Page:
The Banshees Of Inisherin Proves Niceness Isn't Enough - Even If You're Colin Farrell

As language is written and spoken over and over again, it evolves. In recent years, "Nice guy" has morphed into a cutting backhanded compliment. It's often used synonymously with two-faced, people who conceal their own insecurities and entitlement with politeness.

"The Banshees of Inisherin" shows a different reason for the social deficiencies of "nice guys." Pádraic Súilleabháin (Colin Farrell) spends the movie trying to mend bridges with his buddy Colm Doherty (Brendan Gleeson), who's decided he doesn't want the two of them to be friends anymore. Pádraic is rebuked because Colm's problem isn't with anything his former friend has done; it's with who he is. Pádraic is a "nice guy," one who's always pleasant and ready with a helping hand, but all he does is farm, drink, and small talk. Colm, who's dealing with a mid-life crisis, decides he has no time left for such dullness.

There's nothing wrong with being nice, far from it. On its own, though, niceness is not enough to be a likable or interesting person. Pádraic's character demonstrates why.

Smaller and smaller talk

/Film has previously written how "Banshees" is about communication and failures thereof. Pádraic and Colm have been talking for 20 years, but it seems they've never shared all that much. They're drinking buddies and small talkers, but what brought them together was the smallness of Inisherin and their own fears of loneliness. Now, Colm is more afraid of being forgotten, so he'd rather compose music than chat with Pádraic about nothing at all.

It's impossible not to feel sorry for Pádraic. When Colm tells him he no longer likes him, Farrell's face agonizingly contorts in baffled anguish. He can only mutter, "You do like me." True to his niceness, he offers an apology without even knowing what possible offense it would be for, just to smooth things over with Colm. /Film's Jacob Hall has called "Banshees" a break-up movie; if you've ever been in Pádraic's shoes, trying to mend bridges with someone who keeps tearing them down, his struggle becomes heartbreaking.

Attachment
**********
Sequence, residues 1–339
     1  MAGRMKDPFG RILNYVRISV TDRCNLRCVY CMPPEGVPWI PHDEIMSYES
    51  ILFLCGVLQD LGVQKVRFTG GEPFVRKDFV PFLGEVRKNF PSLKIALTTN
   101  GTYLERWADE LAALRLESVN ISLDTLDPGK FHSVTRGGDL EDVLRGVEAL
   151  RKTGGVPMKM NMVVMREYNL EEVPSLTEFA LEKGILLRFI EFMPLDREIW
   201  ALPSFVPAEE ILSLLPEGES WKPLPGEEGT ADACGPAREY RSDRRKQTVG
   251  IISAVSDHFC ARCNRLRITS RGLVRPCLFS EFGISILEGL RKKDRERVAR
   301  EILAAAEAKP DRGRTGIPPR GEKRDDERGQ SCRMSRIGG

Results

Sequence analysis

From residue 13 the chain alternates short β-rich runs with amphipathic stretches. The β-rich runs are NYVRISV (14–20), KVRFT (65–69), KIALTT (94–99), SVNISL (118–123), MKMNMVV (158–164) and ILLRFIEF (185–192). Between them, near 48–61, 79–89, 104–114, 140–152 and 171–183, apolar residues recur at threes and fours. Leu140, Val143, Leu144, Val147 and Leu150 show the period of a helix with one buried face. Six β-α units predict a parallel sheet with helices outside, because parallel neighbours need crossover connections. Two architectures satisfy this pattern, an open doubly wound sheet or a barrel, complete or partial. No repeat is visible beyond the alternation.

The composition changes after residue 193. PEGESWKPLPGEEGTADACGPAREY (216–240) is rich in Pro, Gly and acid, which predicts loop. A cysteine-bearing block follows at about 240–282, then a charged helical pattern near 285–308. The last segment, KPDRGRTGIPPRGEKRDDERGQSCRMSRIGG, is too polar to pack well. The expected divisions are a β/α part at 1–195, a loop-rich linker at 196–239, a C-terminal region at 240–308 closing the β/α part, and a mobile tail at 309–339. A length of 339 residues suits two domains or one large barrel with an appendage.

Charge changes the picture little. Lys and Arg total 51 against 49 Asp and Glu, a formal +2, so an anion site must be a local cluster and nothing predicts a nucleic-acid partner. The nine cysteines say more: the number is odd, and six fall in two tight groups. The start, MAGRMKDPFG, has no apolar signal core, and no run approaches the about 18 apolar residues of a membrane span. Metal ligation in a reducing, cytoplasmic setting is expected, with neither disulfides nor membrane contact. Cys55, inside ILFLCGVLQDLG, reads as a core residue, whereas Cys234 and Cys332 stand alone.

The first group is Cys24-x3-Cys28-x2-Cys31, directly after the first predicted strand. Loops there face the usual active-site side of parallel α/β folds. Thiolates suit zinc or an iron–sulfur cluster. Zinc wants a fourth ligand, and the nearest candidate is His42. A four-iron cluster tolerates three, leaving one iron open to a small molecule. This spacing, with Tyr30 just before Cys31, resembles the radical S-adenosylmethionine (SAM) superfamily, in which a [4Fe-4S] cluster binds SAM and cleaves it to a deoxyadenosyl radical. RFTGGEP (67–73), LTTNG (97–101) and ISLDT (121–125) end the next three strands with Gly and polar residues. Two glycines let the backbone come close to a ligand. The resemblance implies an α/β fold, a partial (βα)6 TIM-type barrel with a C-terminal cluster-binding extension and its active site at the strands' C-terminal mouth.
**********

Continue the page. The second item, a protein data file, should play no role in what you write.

Colm's behavior does reveal a harsh truth, though: the nicest people don't often make for the best conversationalists. Let's ask ourselves a question — what is it that makes a person nice? They're usually agreeable and polite, so not the most exciting people to talk to. Rather than risk stepping on other people's toes or a disagreement, they'll say little, keep away from scratching even the surface, or just agree with their dialogue partner. A nice person will always be there for you but they might not ever make you laugh or forge a truly meaningful connection with you.

Just nice

When Colm tells Pádraic's sister Siobhán (Kerry Condon) that he finds her brother dull, this is all she can muster in defense: "He's always been dull." Therein lies the problem with Pádraic's niceness; it's real but there's nothing else to his personality. Colm bitterly notes that in one of his last conversations with Pádraic, all the former did was spend 2 hours telling Colm about, "the things he found in his little donkey's **** that day."

Even genuinely "nice guys" are often complacent and disinterested in change. That's Pádraic, who can't move on from Colm and who refuses Siobhán's offer to leave Inisherin even as things get worse for him. Niceness isn't a panacea to being a good or well-liked person. There are so many other, more distinctive qualities a person can have: funny, inquisitive, brave, ambitious, or artistic. None of them are mutually exclusive with being nice, either. Pádraic doesn't realize he needs more than niceness to be a complete person.

Nice or passionate

It's telling that Colm is fondest of Pádraic when he stops being the nice guy. He says that he likes Pádraic better when he's drunk, for one. After Pádraic curses him out at the pub, Colm jokes that was the most interesting conversation they've ever had — "I think I like him again."

Colm isn't exactly a nice guy himself. When he goes to confession, the village priest (David Pearse) confronts him over abandoning Pádraic. Colm says what he's doing isn't sinful, and while the priest agrees, he says it's not exactly nice either. Colm brushes that off. While Colm's lacks Pádraic's decency, he has passion, manifested in his music. Colm threatens (and follows through) to cut off his fingers if Pádraic doesn't leave him be. It's a perfect encapsulation of how depression makes you hurt yourself; Colm won't be lesser just because of his missing fingers, but because he won't play his fiddle ever again.

Pádraic, on the other hand, clearly never took much interest in Colm's music. He doesn't know who Mozart is, even though his friend admires the man. He does ask for the name of Colm's completed composition, but as usual, it's all small talk.

Does anyone on Inisherin have the proper blend of niceness and passion? Yes, Siobhán. She has the same kind heart as her brother and a love of reading to go with it. Naturally, she's also the only one to escape the island's purgatory, taking a librarian job on the mainland. Pádraic and Colm could both learn some useful lessons from listening to her Siobhán and part of the film's tragedy is that they don't. 

Being nice to others is important. That doesn't mean other qualities aren't important to have.